Investing Vs. Speculating (And How To Do Both The Right Way…)

If you find yourself sitting on a little bit of cash in this market, then you might be feeling the urge to “invest” it somewhere. Either stocks, real estate, gold, or some other opportunity.

If that’s you, then first of all you should give yourself a pat on the back. Especially if that pile of cash came from harvesting some gains — or cutting losers short — when the market started turning south earlier this year. I’ve been saying for several months now that the pain in the market was likely to get worse before it gets better. And over at Capital Wealth Letter, we want to be ready to strike when the time is right.

The problem is that a lot of folks who want to invest often aren’t investing at all. They are speculating. As I’ll explain in a moment, there’s actually nothing wrong with this — in the right context.

So today, let’s take a moment to go through and explain the difference between speculating and investing. After all, failure to understand what you’re getting into could cost you dearly…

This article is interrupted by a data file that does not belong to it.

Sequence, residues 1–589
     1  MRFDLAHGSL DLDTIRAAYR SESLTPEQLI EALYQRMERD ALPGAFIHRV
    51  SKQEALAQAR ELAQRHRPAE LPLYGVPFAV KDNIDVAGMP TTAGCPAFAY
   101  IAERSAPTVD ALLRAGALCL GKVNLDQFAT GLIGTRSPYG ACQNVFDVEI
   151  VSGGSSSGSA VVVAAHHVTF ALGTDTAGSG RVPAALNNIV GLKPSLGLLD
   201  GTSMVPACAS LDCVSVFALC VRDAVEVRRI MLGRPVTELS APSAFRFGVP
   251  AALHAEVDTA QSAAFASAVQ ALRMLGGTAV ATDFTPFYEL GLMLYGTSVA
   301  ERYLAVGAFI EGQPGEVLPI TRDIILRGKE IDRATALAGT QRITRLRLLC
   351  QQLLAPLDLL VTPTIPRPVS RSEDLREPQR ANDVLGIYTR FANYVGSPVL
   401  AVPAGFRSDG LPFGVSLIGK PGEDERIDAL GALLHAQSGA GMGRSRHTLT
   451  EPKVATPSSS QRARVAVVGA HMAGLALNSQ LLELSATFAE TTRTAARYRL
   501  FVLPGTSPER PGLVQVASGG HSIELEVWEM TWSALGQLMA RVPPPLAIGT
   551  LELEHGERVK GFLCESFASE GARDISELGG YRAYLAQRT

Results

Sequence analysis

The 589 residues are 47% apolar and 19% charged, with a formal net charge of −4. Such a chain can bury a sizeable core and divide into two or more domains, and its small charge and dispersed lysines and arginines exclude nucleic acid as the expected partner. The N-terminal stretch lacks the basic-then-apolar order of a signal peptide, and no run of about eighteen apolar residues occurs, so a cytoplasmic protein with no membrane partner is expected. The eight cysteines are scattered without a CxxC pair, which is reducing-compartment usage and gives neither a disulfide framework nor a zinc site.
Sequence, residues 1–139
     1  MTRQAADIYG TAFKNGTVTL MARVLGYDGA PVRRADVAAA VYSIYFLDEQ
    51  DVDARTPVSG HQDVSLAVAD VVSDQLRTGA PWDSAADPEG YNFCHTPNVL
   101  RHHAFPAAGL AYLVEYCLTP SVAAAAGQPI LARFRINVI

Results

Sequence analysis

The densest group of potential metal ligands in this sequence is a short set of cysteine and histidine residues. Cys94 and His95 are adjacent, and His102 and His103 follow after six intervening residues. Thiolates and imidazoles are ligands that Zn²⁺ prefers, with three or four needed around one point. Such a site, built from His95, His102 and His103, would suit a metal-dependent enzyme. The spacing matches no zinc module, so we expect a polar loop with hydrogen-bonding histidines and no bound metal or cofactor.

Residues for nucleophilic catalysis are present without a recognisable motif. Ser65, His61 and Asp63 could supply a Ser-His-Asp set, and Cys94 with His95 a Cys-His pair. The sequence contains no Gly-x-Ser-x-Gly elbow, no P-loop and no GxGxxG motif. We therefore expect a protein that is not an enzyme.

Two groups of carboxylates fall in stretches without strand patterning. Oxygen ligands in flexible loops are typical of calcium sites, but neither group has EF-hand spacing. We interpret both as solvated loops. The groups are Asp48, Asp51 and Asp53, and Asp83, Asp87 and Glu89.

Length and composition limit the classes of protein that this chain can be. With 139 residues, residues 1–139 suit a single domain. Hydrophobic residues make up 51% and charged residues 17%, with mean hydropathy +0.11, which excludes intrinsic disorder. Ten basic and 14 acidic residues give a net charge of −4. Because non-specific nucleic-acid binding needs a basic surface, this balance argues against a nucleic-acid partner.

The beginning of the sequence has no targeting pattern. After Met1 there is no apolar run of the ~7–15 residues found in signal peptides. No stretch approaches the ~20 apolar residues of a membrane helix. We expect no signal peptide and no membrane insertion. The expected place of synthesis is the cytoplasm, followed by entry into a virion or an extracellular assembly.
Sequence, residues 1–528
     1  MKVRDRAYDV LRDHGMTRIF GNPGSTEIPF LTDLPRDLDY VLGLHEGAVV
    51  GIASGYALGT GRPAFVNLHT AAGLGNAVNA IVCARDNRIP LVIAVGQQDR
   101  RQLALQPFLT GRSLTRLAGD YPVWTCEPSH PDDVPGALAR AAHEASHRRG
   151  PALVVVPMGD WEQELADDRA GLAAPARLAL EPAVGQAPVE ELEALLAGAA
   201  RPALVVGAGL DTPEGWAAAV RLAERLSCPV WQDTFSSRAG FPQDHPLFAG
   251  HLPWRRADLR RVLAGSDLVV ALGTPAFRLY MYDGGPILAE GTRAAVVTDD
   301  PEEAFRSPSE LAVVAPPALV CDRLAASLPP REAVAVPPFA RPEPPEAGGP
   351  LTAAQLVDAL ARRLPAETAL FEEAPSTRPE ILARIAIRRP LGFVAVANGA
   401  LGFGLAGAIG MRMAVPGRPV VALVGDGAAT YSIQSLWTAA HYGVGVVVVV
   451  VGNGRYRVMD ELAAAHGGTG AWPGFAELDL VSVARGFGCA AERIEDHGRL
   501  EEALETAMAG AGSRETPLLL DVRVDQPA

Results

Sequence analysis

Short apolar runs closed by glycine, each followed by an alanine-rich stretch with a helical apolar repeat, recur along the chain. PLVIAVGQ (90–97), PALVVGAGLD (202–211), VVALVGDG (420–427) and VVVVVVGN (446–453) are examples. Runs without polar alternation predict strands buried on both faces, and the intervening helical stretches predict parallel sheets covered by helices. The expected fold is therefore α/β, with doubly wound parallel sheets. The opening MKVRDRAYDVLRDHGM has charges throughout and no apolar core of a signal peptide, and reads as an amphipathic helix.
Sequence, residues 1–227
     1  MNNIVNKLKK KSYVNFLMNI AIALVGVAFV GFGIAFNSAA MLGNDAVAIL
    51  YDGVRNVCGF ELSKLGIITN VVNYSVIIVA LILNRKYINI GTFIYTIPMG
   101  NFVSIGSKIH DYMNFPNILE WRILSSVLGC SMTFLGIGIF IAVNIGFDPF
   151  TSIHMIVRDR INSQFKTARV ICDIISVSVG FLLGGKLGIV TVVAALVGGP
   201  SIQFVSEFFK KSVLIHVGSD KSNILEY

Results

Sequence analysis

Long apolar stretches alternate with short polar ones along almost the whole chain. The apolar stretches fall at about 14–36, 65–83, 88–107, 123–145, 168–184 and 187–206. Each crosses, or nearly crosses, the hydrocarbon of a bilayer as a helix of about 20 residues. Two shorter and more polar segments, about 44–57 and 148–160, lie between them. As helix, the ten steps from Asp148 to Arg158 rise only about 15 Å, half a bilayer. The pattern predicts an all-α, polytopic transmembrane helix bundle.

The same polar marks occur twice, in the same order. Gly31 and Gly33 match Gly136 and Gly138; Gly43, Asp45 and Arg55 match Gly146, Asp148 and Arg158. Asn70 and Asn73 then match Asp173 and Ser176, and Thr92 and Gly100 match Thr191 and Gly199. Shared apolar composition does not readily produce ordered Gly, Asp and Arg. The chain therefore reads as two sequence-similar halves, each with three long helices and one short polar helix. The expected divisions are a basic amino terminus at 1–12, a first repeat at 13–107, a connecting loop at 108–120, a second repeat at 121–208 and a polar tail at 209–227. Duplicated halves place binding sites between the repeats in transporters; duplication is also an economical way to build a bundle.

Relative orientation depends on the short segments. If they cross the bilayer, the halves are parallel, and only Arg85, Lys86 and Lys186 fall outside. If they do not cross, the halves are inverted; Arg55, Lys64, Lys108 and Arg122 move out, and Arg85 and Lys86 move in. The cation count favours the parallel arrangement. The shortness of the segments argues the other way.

What “Investing” Should Look Like

Investing means finding an opportunity in a mispriced — or as I like to say “fairly” priced — asset. For instance, buying a piece of a business at less than its intrinsic value tends to lead to wonderful long-term returns.

To find opportunities like this, you generally must roll up your sleeves and do in-depth research to understand the company and its industry. You develop an investment thesis based on this deep understanding and analysis of the company.

This is the exact goal of what we do over at Capital Wealth Letter. We invest in wonderful businesses at fair prices and hold on to them for the long run… or until our investment thesis changes.

CME Group (Nasdaq: CME) is a great example. This is a wonderful business, which we originally bought in 2014. Since that original recommendation, our position is up by about 220% — compared to 133% for the S&P 500.